Right-wing lawlessness continues apace at Cliven Bundy’s ranch, where supporters who were itching to shoot police officers and federal agents, nearly shot each other instead. Some citizens want the “militia” out. Can this thing end without bloodshed?

Standoff At The Ranch

It was inevitable that the “militiamen” who flocked to Cliven Bundy’s ranch would turn their guns on each other. It’s poetic that the people who rushed to defend Bundy’s mythological “ancestral rights” to flout federal law, would draw guns against one another over their own delusions.

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May 5, 2014
by terrance
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Digest for May 5th

Here are some of the people writing about some of the stuff I wish I had time to write about, for May 5th from 13:18 to 13:24:

  • Dehumanizing the Poor for Fun and Profit – For Sterling, Bundy and their amoral company, the good old days were pre-emancipation, when white men like them were men, and federal law said black men were, well, only three-fifths human.
  • In Deep South Where GOP Rejected Obamacare, Tens of Thousands Die Unnecessarily Every Year – The Center for Disease Control house found that 900,000 people a year die of five leading causes every year in the US, and that 20% to 40% of these deaths are preventable (i.e. 180,000 to 360,000 needn’t die).
  • How We Lost 200 Black Girls in 12 Days – Historically, far too little has been done about missing black children.
  • How Oklahoma’s GOP Governor Turned a Heinous Killer Into a Death-Penalty Martyr – Oklahoma Gov. Mary Fallin (R) has done what almost no death penalty foe has been able to do in decades of fighting capital punishment: She’s made the country feel sorry for a heinous killer. Last week, she turned a man who shot a 19-year-old woman and watched as she was buried alive, into exhibit A as to why the death penalty should be abolished.
  • What makes U.S. ‘primitive, backward’? – The recent and ghastly botched execution of a man in Oklahoma has rekindled my thoughts on capital punishment — a practice outlawed in most civilized countries. Indeed, most of the industrialized world looks with horror on the United States, in this regard, as a primitive and backward country.
  • Quantifying the Effects of Homophobia – Data confirms that antigay laws do society more harm than good.
  • Do Men Cling To Their Mask of Masculinity? – Graham Phoenix used to regard the life he was leading as a lie. His fear was that people would see him as weak, indecisive and scared. He wonders whether this is typical for men?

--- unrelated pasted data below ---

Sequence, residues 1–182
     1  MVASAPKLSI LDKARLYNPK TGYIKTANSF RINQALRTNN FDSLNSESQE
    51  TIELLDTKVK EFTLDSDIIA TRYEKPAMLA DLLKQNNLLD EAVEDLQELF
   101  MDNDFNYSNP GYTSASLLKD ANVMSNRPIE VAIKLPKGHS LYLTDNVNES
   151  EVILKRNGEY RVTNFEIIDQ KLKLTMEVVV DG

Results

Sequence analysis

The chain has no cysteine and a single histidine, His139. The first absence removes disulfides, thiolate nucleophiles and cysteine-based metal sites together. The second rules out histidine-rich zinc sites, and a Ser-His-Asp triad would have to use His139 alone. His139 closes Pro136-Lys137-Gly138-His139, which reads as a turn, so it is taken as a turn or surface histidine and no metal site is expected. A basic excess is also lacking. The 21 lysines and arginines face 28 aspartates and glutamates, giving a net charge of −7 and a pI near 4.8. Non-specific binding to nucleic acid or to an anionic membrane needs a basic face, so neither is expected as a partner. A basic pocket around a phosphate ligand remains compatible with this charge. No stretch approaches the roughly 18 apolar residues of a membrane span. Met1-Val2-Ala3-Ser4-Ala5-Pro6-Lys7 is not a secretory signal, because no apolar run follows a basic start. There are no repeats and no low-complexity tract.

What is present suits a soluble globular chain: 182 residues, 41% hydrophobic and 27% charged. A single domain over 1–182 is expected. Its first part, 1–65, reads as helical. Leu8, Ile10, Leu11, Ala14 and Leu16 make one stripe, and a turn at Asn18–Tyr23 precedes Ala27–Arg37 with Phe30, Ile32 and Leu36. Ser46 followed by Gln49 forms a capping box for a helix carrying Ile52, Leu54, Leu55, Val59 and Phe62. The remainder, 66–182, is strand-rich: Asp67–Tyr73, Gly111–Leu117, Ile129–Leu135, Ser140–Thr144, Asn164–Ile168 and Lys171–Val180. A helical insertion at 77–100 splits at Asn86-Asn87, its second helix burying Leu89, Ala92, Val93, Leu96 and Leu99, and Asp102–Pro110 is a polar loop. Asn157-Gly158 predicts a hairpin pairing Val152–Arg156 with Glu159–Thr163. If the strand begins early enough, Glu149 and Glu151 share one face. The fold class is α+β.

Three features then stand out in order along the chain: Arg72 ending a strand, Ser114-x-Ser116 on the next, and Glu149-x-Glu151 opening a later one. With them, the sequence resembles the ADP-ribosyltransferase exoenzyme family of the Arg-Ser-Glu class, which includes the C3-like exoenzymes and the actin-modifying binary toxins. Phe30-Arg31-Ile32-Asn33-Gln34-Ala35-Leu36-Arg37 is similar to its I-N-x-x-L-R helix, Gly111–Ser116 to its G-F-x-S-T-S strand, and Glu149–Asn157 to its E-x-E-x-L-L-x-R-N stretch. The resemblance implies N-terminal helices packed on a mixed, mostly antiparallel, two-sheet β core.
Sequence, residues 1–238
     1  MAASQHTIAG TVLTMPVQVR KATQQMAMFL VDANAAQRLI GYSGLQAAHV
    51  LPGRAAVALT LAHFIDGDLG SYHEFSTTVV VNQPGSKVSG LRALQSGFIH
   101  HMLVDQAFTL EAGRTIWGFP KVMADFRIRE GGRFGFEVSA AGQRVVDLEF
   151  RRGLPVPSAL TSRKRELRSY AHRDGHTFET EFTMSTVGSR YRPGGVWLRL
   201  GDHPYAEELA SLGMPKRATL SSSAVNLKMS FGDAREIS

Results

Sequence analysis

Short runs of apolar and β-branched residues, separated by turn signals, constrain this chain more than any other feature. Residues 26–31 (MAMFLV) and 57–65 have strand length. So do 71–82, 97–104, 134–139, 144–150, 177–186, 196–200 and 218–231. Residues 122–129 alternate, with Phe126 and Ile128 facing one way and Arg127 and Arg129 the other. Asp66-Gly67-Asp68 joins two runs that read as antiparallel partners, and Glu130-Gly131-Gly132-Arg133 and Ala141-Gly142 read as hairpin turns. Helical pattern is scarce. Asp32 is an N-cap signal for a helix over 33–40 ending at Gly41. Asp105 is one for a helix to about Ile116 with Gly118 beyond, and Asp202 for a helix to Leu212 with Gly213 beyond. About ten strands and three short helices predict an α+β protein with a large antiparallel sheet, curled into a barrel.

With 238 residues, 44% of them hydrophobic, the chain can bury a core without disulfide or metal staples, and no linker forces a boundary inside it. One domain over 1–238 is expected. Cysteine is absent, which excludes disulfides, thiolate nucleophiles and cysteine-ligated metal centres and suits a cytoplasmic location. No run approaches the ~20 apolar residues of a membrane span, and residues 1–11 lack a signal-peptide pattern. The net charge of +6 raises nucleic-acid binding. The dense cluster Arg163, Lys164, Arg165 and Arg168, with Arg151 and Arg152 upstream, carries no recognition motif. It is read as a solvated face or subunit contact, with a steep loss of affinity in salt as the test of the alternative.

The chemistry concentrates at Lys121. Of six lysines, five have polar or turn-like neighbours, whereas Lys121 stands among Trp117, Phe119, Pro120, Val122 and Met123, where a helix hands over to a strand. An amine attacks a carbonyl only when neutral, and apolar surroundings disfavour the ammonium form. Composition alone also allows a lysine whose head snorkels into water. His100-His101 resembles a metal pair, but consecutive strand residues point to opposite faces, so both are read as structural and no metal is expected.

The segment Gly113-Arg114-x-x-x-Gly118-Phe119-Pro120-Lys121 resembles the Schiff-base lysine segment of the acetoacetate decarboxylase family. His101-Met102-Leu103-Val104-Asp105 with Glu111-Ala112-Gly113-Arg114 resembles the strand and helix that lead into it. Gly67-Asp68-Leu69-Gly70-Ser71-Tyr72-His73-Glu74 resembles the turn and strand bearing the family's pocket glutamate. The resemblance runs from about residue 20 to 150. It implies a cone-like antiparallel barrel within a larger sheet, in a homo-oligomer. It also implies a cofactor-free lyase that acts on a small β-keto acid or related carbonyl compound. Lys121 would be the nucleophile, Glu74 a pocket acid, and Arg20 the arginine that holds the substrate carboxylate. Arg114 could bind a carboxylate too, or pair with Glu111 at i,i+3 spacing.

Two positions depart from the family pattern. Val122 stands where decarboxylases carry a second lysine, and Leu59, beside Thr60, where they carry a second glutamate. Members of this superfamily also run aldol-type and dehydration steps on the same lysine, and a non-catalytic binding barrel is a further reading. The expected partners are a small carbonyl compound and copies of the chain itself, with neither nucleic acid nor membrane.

• The Black Man in the White House: Racism Is Alive and Well in America – While many say racism is over and point to the fact that America has its first black president, Barack Obama's election actually ignited racial tension in the country, rather than ending it. As a result white supremacists, hate crimes and Internet sites like Stormfront have grown exponentially.
  • Robert Reich: The 4 Biggest Right-Wing Lies About Inequality – Despite Piketty's proof that inequality is epic, the right clings desperately to its mythology.

    Even though French economist Thomas Piketty has made an air-tight case that we’re heading toward levels of inequality not seen since the days of the nineteenth-century robber barons, right-wing conservatives haven’t stopped lying about what’s happening and what to do about it.

    Herewith, the four biggest right-wing lies about inequality, followed by the truth.

May 2, 2014
by terrance
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Bundy’s “Militia” Is Lawlessness of a Different Color

At what point do armed citizens consider themselves the law, based on little more than their numbers and their guns? The latest news from Bundy Ranch, raises this and many other questions.

The Bureau of Land Management called an end to its gather of Cliven Bundy’s cattle. Even though the agency was well within its rights to take action — considering that Bundy owes more than $1million in unpaid grazing fees, and the courts have repeatedly ruled against him for 20 years — it stood down after well-armed, self-appointed “militias” rush to defend Bundy’s freeloading, rather than give right right-wing another Waco or Ruby Ridge myth to rally around. 

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April 30, 2014
by terrance
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Can Conservatives Stop Defending Slavery?

Cliven Bundy isn’t the first conservative to defend slavery, but he may be one of the first condemned by fellow conservatives for doing so. Does this mean conservatives are ready to stop defending slavery, if only for the sake of their political future?

Conservatives have a peculiar relationship with America’s “peculiar institution.” On one hand, right-wingers appropriate slavery to describe everything they dislike. On the other hand, conservatives consistently claim that slavery wasn’t so bad. Cliven Bundy is only the latest:

  • March 2006: Adele Fergusen wrote in the Kitsap Peninsula Business Journal, that the “pony in the manure pile” of slavery is “that it was the ticket to America for black people,” and that blacks should “consider their presence here as the work of God, who wanted to bring them to this new, raw country and used slavery to achieve it.”